As someone who was recently discharged from such a facility, I can testify to this. It’s not unusual to walk the halls of these facilities hearing multiple calls for help because of pain. And it’s not just those on Medicare and Medicaid, as top line insurers of managed care plans attempt to squeeze more profit from a smaller population. Individuals on these plans and in these facilities are, for all practical purposes, left to fend for themselves, bed rails up and no way to even get to a bathroom. Unable to defend themselves, often helpless and hopeless because our government supports corporate profits ahead of patient well being.
And now with growing concerns about addiction it’s easy to justify not treating pain in these groups. The mental and emotional anguish created by this trend known no bounds, but such facts are hidden behind the nobel jesters of our legislators, selling us a stronger economy in a drug free society. When you look at how these ideas are implemented, it is anything but good for John Q Public.
What will happen if healthcare organizations are forced by regulation or public pressure to stop rehiring recovered substance abusers? Can we survive a 15% reduction in the number of healthcare professionals? And with hallways filled with cries and moans of “Somebody please help, I’m hurting”, will our legislators be there to support our need? What is now only a travesty will soon become an epidemic of neglect if the current trend continues.
A new report by data firm Protenus finds that this so-called “opioid diversion” is a growing problem. In 2018, more than 47 million doses of legally prescribed opioids were stolen, an increase of 126 percent from the year before. That’s 47 million doses that were supposed to go to patients for legitimate surgical procedures who didn’t get them. I dare say, many of those were individuals in those post-surgical facilities or nursing homes.
Protenus found 34 percent of these incidents happened at hospitals or medical centers, followed by private practices, long-term care facilities and pharmacies. Only 77% of the cases identified a particular drug, but the most common was Oxycodone, followed by hydrocodone and fentanyl.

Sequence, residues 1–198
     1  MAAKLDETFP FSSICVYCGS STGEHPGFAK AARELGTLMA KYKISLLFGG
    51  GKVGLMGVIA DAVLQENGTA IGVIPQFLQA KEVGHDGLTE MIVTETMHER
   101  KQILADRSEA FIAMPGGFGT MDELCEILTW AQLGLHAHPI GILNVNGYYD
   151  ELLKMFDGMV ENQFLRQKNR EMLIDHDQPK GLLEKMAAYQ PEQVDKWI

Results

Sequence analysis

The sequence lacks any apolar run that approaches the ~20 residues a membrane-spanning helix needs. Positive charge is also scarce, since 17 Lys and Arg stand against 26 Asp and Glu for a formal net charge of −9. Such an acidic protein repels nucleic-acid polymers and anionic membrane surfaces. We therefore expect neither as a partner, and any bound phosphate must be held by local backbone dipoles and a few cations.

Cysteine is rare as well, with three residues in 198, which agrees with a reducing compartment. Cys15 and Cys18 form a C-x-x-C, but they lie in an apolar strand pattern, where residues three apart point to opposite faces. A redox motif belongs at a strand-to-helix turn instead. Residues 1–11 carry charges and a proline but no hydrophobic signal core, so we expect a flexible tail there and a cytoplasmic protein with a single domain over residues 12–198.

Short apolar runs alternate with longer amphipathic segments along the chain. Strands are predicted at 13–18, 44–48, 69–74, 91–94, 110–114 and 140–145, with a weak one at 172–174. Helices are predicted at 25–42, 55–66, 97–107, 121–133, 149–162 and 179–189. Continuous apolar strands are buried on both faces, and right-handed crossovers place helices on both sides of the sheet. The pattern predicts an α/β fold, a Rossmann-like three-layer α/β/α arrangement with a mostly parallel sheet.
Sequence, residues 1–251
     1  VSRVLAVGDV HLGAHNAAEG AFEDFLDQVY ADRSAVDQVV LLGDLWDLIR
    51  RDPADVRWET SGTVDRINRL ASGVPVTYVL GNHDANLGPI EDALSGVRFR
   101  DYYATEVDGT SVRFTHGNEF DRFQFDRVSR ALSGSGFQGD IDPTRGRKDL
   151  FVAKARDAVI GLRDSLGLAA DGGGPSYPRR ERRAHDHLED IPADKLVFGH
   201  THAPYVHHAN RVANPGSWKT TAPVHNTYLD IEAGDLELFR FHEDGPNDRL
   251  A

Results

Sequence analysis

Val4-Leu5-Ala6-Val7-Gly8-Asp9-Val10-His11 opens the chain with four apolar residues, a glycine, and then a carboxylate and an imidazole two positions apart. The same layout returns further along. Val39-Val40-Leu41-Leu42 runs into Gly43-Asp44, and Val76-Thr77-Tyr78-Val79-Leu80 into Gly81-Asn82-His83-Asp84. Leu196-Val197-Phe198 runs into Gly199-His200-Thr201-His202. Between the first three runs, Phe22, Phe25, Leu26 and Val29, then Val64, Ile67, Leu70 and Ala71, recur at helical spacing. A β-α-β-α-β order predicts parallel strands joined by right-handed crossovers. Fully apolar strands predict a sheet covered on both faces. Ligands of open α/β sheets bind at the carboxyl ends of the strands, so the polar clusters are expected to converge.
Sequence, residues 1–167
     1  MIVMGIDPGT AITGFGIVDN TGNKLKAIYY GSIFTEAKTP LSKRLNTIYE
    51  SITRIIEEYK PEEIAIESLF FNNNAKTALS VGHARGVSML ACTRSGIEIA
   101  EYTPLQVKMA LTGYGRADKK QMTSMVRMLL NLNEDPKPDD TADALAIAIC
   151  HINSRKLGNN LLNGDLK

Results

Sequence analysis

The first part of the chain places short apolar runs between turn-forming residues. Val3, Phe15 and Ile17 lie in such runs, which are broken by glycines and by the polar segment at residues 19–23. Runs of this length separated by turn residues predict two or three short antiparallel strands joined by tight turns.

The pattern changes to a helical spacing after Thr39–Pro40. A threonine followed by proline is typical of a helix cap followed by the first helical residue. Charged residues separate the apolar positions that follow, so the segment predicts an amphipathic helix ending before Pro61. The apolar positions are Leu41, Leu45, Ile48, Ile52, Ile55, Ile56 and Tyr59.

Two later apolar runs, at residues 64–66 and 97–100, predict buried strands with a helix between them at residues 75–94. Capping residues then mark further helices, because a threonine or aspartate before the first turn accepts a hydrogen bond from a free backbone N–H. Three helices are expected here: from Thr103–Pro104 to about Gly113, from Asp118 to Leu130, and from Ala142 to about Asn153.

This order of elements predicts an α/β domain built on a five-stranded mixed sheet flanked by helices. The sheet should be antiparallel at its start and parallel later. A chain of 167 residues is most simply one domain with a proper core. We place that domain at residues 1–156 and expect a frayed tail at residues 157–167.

Sixty-seven percent of the time, doctors and nurses are responsible. Dr. Stephen Loyd of Tennessee was one of them.
“What I didn’t realize was how quickly it would escalate. Going from that half of a five milligram Lortab, to within three years about 500 milligrams of Oxycontin a day. That’s about 100 Vicodin,” he said.
For three and a half years, he siphoned drugs away from his patients.
“There was no requirements on what happened to those pills. They could go down the toilet or they could go in my pocket,” Loyd said.
He warns that people who work in the healthcare industry are at high risk of abuse.
“They’ve got high stress jobs. A lot of them, like myself, have workaholism. And not only that, you have access,” Loyd said.
He’s now been clean for 15 years and was the director of Tennessee’s Mental Health and Substance Abuse Services division before running a rehab facility in Murfreesboro, Tennessee. Loyd implores addicted health care workers to admit they need help, which he knows was the hardest part for him until he was confronted by his own father.
After confessing to his dad fears of losing his house, car and career should he come clean, his father responded, “None of those things are gonna do you any good if you’re dead.”
Kira Caban of Protenus said the firm’s findings are likely a “tip of the iceberg” considering only a fraction of opioid diversions are uncovered because an addict admits to the behavior or a patient gets sick. The Department of Justice established an Opioid Fraud and Abuse Detection Unit to , but it’s operational in less than a third of the country.